By Matt Mueller Culture Editor Published Dec 02, 2023 at 9:01 AM

You can change the name, change the age range and wrap it in as much cuddly feel-good friendliness to make even the Hallmark Channel get diabetes from all the sweetness ... but in the end, this was still "The Bachelor." And apparently even with an AARP card, it's gonna end with a person's heart exploded, our star stumbling over shortsighted decisions and poor word choices, and an audience full of people glaring at him out the side of their eyes while the show attempts to shoo all that out of mind and get everyone back on board for the new happy couple. Gerry Turner may have been the first "Golden Bachelor," but at the end, he was just another Bachelor whose sincerity turned into a switchblade at the last minute. 

Even if you're new to this all and this season was your Ellis Island into Bachelor Nation, you had to have the creeping sense that things were lining up for a not-so-golden ending for Gerry. (And even if you didn't read the recent Hollywood Reporter expose revealing that – shock, horror – reality shows sometimes lie for the sake of a good narrative.) We all fell for Gerry, even if his voice always sounds like he's talking through a yawn – but for several weeks now, Gerry failed to learn from his predecessors and got a little sloppy with the verbiage, throwing around the L-word along with lofty proclamations of commitment that could obviously only be true for one of the final women. Unfortunately, even with all those years and all that supposed wisdom of time, no one is safe from a case of the Claytons.

It's a real shame the finale had such an inevitable sour flavor – because, up until Thursday's wrap-up, I'd really taken a shine to "The Golden Bachelor." 

For several seasons now, I've been pestering for a change to the franchise's standard formulas – and this was exactly that! You had a cast of characters who seemed sincere and with a lived-in emotional intelligence, who you didn't have to tediously wonder if they were here For The Right Reasons. (Not a lot of septuagenarians looking to rack up Instagram clout or podcast listens.) As a result, you had a house full of people who you liked spending time with because they (minus Theresa and Kathy) liked spending time with each other. The interactions were fun and genuine, the topics ranged from flirty to thoughtful, and there were charming and playful characters without them feeling like ChArAcTeRsTM. And best of all, it was all only an hour long! (With things only feeling a little rushed! Easy fix? If the show returns in the same paired-up format with "Paradise," make 'em 90-minute episodes.)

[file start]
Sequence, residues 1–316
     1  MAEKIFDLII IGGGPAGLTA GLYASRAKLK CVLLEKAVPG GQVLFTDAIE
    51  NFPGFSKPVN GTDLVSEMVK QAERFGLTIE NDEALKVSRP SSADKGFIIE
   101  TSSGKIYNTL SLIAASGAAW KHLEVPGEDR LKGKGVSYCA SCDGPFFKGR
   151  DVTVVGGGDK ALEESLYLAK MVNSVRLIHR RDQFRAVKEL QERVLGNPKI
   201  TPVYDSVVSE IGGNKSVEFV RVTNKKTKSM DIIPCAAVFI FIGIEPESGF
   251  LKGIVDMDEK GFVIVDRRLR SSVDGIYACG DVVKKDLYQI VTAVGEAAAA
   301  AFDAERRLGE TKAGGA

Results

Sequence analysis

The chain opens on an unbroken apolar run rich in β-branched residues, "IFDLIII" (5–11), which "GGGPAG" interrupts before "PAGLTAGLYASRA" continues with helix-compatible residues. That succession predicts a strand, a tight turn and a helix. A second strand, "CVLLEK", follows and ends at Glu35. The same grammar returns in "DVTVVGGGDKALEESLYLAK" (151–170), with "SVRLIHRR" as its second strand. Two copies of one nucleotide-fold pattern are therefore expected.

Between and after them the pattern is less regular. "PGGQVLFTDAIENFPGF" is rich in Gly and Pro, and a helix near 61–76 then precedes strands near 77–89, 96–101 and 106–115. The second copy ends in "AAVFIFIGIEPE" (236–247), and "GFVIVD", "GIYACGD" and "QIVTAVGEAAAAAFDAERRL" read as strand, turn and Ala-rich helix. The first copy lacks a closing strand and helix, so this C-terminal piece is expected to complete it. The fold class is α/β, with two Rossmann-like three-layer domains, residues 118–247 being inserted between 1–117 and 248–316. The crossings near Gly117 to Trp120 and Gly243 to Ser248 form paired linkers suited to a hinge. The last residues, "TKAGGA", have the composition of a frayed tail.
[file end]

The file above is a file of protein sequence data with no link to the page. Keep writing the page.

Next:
Of course, it wasn't perfect. Since Gerry and company were so naturally charismatic and charming, the show's usual attempts to manufacture Grand Romantic Moments felt even more fake. (Looking at you, flashmob dance party at the burger shoppe!) And some of the "Bachelor" franchise's traditional elements didn't quite fit. Hometowns week and the dramatic tension of parental approval, for instance, make sense with 20-somethings ... less so with fully-grown adults who were almost alive for a World War and sure as heck don't need anyone to sign off on their life choices. A Women Tell All, too, doesn't mean much if all the women love one another, had no conflicts and therefore have no "All" to tell beyond debating whose food made gave them brutal farts. (Which, in fairness, worth it; would've watched an hour-long Women Toot All.)

And then, of course, the worst problem is that our cuddly main character turned into a full-scale emotional doofus during the finale episode, delivering a vicious pickleball spike to a poor woman's heart. The result was a pretty captivating reality show finale, no doubt – just not to the sweet, pleasant, happy and seemingly thoughtful journey we'd spent two months following. 

So about that finale: After we see some sneak preview footage of Gerry anxiously roaming his proposal stage with not a regular rose but a GOLDEN rose – of course they get fancy flowers while the younger generations just get normal ones; CLASSIC BOOMERS, GETTING ALL THE BENEFITS! – Jesse Palmer introduces us to the live studio. Everyone's there: Gerry's former contestants, the previous Bachelor whose name no one remembers anymore with his fiancee who everyone forgot, Petey the Pilot's parents ... for some reason. In between all the usual talk about an emotional finale that'll hyperbole your hyperbole, Palmer also notes that there will be an announcement at the very end of the night that'll leave Bachelor Nation stunned. Real unexpected turn of events here: It didn't.